Longitudinal elastic properties and porosity of cortical bone tissue vary with age in human proximal femur
OPEN Bone | 22 Jan 2013
MK Malo, D Rohrbach, H Isaksson, J Töyräs, JS Jurvelin, IS Tamminen, H Kröger and K Raum
Tissue level structural and mechanical properties are important determinants of bone strength. As an individual ages, microstructural changes occur in bone, e.g., trabeculae and cortex become thinner and porosity increases. However, it is not known how the elastic properties of bone change during aging. Bone tissue may lose its elasticity and become more brittle and prone to fractures as it ages. In the present study the age-dependent variation in the spatial distributions of microstructural and microelastic properties of the human femoral neck and shaft were evaluated by using acoustic microscopy. Although these properties may not be directly measured in vivo, there is a major interest to investigate their relationships with the linear elastic measurements obtained by diagnostic ultrasound at the most severe fracture sites, e.g., the femoral neck. However, before the validity of novel in vivo techniques can be established, it is essential to understand the age-dependent variation in tissue elastic properties and porosity at different skeletal sites. A total of 42 transverse cross-sectional bone samples were obtained from the femoral neck (Fn) and proximal femoral shaft (Ps) of 21 men (mean±SD age 47.1±17.8, range 17-82years). Samples were quantitatively imaged using a scanning acoustic microscope (SAM) equipped with a 50MHz ultrasound transducer. Distributions of the elastic coefficient (c(33)) of cortical (Ct) and trabecular (Tr) tissues and microstructure of cortex (cortical thickness Ct.Th and porosity Ct.Po) were determined. Variations in c(33) were observed with respect to tissue type (c(33Tr)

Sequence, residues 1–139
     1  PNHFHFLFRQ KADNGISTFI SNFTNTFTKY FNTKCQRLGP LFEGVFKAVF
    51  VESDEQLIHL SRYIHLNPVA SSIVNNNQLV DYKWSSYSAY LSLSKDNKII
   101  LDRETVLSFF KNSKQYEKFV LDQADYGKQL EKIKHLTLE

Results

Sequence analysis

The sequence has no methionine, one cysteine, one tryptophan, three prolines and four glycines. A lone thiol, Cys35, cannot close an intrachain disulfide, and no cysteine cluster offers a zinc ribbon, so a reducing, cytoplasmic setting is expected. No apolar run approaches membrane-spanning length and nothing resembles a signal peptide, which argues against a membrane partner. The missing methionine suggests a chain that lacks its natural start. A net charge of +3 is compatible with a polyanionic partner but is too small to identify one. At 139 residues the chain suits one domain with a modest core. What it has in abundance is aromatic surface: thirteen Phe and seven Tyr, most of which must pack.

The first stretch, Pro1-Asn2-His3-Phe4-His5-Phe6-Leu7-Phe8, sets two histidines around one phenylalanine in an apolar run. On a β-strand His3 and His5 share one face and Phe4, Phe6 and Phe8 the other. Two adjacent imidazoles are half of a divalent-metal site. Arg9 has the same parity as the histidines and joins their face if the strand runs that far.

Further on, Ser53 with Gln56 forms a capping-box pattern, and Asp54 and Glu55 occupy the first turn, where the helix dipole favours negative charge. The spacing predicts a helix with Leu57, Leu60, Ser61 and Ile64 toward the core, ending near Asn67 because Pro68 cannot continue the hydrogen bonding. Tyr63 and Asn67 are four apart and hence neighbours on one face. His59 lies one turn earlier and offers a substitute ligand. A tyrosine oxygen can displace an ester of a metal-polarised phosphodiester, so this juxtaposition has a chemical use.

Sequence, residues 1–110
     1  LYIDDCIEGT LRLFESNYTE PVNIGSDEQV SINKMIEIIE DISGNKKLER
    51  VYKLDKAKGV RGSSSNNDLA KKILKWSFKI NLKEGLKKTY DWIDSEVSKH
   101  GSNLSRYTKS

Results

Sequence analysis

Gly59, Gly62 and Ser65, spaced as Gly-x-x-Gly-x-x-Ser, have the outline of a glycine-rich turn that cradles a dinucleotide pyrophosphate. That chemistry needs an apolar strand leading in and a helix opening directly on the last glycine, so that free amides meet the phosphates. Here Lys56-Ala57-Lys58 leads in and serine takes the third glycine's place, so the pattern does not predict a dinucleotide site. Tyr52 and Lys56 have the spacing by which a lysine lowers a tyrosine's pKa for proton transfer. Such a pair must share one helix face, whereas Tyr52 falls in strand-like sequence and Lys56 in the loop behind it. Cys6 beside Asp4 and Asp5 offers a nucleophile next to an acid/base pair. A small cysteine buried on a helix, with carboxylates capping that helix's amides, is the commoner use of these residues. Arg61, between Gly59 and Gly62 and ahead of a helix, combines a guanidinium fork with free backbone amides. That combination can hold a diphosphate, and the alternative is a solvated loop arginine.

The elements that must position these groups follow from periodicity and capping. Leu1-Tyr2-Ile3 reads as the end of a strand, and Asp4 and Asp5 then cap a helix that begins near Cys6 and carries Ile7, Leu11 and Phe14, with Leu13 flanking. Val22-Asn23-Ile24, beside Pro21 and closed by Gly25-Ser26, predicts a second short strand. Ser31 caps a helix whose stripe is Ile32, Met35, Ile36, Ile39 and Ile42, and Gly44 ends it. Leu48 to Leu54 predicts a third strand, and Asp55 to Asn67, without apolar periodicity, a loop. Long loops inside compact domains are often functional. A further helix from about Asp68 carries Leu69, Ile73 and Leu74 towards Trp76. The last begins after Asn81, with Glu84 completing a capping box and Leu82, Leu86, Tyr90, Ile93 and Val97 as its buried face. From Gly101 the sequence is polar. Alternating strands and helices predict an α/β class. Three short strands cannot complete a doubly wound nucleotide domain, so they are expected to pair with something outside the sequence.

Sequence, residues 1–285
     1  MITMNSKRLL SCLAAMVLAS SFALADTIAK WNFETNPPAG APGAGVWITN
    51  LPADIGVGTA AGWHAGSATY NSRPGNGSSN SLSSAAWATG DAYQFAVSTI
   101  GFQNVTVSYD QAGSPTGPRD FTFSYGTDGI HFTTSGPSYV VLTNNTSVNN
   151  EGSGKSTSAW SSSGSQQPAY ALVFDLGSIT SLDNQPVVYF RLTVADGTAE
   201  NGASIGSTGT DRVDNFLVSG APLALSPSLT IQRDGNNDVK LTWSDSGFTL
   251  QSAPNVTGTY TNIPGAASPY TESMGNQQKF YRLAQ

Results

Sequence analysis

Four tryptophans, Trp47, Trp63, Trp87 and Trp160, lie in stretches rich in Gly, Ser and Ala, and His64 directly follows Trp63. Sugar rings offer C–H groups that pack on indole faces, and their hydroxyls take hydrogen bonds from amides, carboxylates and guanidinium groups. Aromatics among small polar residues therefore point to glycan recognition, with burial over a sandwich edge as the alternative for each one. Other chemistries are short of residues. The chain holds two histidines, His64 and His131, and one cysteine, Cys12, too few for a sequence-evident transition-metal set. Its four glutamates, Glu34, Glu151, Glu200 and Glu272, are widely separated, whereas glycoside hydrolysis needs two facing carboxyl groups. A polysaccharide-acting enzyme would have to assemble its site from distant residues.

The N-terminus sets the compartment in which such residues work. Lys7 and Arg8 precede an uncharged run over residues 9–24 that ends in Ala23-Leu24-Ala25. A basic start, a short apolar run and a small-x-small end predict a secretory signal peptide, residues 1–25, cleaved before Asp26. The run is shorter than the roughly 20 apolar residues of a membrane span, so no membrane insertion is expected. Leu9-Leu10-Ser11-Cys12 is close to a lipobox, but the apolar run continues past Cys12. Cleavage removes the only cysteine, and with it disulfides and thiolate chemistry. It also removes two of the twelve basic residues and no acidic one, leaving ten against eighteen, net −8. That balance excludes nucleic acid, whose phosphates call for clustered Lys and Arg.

c(33)(Ct.Fn)=35.3GPa>c(33)(Tr.Ps)=33.8GPa>c(33)(Tr.Fn)=31.9GPa), and cadaver age (R(2)=0.28 - 0.46, p<0.05). Regional variations in porosity were found in the neck (superior 13.1%; inferior 6.1%; anterior 10.1%; posterior 8.6%) and in the shaft (medial 9.5%; lateral 7.7%; anterior 8.6%; posterior 12.0%). In conclusion, significant variations in elastic coefficients were detected between femoral neck and shaft as well as between the quadrants of the cross-sections of neck and shaft. Moreover, an age-related increase in cortical porosity and a stiffening of the bone tissue were observed. These findings may explain in part the increase in susceptibility to suffer low energy fractures during aging and highlight the potential of ultrasound in clinical osteoporosis diagnostics.
* Data courtesy of Altmetric.com